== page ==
to the specific facts and circumstances of Petitioner’s case.
Petitioner also cites several cases from this district in which stays were entered based upon the theory that
the South Carolina Supreme Court should rule on whether ineffective assistance of PCR counsel would be a sufficient
claim to allow a successive PCR application in light of Martinez. Pet.’s Objs. at 3-4; see Robertson v. State, 418 S.C.
505, 795 S.E.2d 29 (2016). The Court notes the cited cases are not similarly situated to Petitioner’s because they
did not implicate state habeas procedure; rather, those cases implicated one of the primary means—PCR— for
attacking the validity of a conviction.
fact that PCR counsel did not pursue that claim. See R & R at 5. The Court finds the Magistrate Judge
properly declined to follow Petitioner’s own reasoning and assume ineffectiveness from PCR counsel’s
mere failure to pursue the claim, given that the record reflects PCR counsel initially raised this claim
but subsequently abandoned it, and that the record contains no evidence supporting a blind assumption
that abandonment of the claim was ineffectiveness as opposed to a strategic decision on PCR counsel’s
Next, Petitioner argues “[a]bandonment of a claim is not per se effective assistance of counsel.”
Pet.’s Objs. at 6-7. However, the Magistrate Judge simply concluded, for the sole purpose of ruling on
the motion to stay, that the mere failure to pursue a particular claim against trial counsel did not
necessarily indicate ineffectiveness on PCR counsel’s part. The Magistrate Judge further noted (and
all parties agree) that PCR counsel initially raised the claim regarding trial counsel’s alleged
ineffectiveness (at least generally), but did not pursue it in the PCR proceedings. See R & R at 5. There
is no finding in the R & R that such actions were the result of either effective or ineffective assistance
on PCR counsel’s part.11
Having reviewed the relevant parts of the record, as well as the parties’ arguments, the Court
finds the good cause requirement of Rhines has not been sufficiently satisfied at this time to warrant a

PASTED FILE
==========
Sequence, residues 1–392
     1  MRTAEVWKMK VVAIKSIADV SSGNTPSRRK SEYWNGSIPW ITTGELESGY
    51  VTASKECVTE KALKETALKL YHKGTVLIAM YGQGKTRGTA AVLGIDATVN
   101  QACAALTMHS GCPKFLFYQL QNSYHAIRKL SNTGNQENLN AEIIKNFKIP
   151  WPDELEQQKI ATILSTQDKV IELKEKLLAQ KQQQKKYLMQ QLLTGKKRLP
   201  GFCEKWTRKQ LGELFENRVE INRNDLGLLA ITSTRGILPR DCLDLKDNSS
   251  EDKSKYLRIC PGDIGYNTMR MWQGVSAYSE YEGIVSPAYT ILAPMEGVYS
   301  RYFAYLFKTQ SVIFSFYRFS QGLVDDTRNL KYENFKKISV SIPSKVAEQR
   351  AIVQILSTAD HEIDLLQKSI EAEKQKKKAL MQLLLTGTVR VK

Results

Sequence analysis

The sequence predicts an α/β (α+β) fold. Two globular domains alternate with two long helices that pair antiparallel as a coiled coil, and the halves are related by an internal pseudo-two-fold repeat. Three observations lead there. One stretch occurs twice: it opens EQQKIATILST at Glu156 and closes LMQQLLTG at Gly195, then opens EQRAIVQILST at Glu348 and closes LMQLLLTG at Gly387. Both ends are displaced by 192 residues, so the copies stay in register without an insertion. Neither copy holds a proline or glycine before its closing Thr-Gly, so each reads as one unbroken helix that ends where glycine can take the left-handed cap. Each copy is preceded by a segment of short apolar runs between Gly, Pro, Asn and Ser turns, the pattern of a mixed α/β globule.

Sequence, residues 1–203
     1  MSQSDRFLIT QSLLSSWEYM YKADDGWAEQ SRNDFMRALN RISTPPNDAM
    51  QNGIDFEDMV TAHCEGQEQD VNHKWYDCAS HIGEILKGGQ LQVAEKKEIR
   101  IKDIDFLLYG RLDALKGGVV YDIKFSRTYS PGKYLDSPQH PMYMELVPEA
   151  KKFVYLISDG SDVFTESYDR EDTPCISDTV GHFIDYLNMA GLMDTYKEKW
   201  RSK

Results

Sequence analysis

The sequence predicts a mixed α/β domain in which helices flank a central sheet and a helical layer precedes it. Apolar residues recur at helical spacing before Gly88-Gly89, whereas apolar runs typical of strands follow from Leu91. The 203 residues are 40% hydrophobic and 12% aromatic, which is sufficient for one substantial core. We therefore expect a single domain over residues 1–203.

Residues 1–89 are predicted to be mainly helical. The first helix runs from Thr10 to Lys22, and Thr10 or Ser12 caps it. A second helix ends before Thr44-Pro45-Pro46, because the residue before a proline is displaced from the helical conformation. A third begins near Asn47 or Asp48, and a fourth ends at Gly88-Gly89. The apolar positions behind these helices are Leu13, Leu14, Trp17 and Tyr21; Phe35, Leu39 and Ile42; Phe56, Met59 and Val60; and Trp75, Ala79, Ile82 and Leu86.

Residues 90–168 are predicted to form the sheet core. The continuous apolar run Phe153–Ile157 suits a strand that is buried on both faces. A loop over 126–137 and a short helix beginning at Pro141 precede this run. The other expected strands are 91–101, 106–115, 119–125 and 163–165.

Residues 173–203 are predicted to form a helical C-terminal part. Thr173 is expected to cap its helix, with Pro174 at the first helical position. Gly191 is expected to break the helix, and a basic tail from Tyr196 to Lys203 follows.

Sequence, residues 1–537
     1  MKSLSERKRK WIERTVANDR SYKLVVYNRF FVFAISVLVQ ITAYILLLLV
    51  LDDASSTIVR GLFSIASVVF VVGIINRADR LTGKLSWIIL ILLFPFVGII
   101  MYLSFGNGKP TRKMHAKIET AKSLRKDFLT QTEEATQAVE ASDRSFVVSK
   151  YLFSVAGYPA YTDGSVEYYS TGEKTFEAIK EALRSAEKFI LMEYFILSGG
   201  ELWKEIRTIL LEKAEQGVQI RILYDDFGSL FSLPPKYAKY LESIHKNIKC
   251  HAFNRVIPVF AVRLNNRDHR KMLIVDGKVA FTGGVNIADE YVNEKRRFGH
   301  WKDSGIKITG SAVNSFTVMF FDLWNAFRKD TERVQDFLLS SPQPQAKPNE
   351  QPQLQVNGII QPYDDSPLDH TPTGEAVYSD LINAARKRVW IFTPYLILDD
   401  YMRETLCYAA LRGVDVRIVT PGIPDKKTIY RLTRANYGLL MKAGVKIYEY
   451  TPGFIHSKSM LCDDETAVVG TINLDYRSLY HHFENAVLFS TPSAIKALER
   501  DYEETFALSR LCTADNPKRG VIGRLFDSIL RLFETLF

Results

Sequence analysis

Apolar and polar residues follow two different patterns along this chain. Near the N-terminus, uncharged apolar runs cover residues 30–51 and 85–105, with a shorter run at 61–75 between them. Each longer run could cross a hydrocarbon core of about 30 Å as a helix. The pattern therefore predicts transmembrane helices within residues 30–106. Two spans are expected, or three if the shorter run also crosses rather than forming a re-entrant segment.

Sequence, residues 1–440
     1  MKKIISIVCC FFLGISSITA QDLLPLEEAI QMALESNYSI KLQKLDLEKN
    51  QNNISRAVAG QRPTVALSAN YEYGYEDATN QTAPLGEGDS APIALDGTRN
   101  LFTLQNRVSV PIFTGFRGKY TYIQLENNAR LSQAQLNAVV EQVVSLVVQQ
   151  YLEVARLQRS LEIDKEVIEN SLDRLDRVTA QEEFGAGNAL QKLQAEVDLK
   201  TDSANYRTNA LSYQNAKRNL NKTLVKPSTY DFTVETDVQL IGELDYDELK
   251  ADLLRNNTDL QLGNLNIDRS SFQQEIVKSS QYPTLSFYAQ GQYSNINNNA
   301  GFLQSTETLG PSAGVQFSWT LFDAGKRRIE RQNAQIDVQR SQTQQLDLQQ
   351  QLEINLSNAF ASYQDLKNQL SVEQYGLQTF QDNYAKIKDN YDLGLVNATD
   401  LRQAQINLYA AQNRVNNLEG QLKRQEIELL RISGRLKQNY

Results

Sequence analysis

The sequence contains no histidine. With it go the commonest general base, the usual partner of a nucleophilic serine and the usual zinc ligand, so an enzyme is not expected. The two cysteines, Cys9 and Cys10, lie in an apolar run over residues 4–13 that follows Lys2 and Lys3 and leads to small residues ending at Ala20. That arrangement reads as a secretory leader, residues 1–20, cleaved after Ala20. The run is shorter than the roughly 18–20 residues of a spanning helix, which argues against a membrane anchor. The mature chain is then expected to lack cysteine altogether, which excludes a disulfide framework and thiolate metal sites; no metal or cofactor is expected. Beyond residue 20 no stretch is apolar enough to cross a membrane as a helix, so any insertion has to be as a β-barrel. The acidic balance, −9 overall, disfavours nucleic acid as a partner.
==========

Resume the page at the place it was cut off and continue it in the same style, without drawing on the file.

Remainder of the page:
stay while Petitioner pursues his state habeas corpus claim. At this point, the Court has only
Petitioner’s allegation—raised in both the instant case (as a Martinez claim) and in his pending state
habeas action—that PCR counsel was ineffective for failing to pursue the claim that trial counsel was
ineffective for failing to properly investigate and present a mitigation case. Given the information
The Magistrate Judge concluded Petitioner had not demonstrated good cause for purposes of deciding the
motion to stay, and therefore recommended denying the motion to stay. She was in no way ruling on the merits of
the Martinez claim in Ground VI.
currently available, this Court cannot conclude good cause exists for Petitioner’s failure to exhaust.12
Potentially Meritorious State Claim
Petitioner asserts, the Magistrate Judge erred in concluding his claim is “plainly meritless.”
Pet.’s Objs. at 7. However, the Magistrate Judge did not make such a conclusion; instead, the
Magistrate Judge applied Rhines and concluded she could not find Petitioner’s state habeas action is
potentially meritorious in light of the fact that (1) the claim was raised and abandoned during a state
PCR action and (2) state law indicates state habeas corpus should not be used as a mere substitute for
PCR. See R & R at 5-7; see also Wilson, 178 F.3d at 277 (observing “South Carolina eschews the use
of habeas as a belated substitute for a previously denied PCR application”). The Court agrees it is
difficult to discern at this stage whether there is potential merit to Petitioner’s state habeas corpus
action.13 The Court is fully aware that the bar to a grant of habeas relief has been set very high by the
Petitioner asserts “the ‘good cause’ requirement need not be a highly restrictive standard,” relying on Blake
v. Baker, 745 F.3d 977, 981-82 (9th Cir. 2014). Pet.’s Objs. at 5-6. However, as Respondents note in their reply,
“Blake supports that more than an assertion of ineffectiveness is necessary to warrant a stay.” ECF No. 95 at 4. In
Blake, the Ninth Circuit acknowledged “a bald assertion cannot amount to a showing of good cause,” and it found
good cause existed because the petitioner “supported his good cause argument with evidence of his abusive
upbringing and history of mental illness, compiled by his federal post-conviction counsel.” 745 F.3d at 982; see id.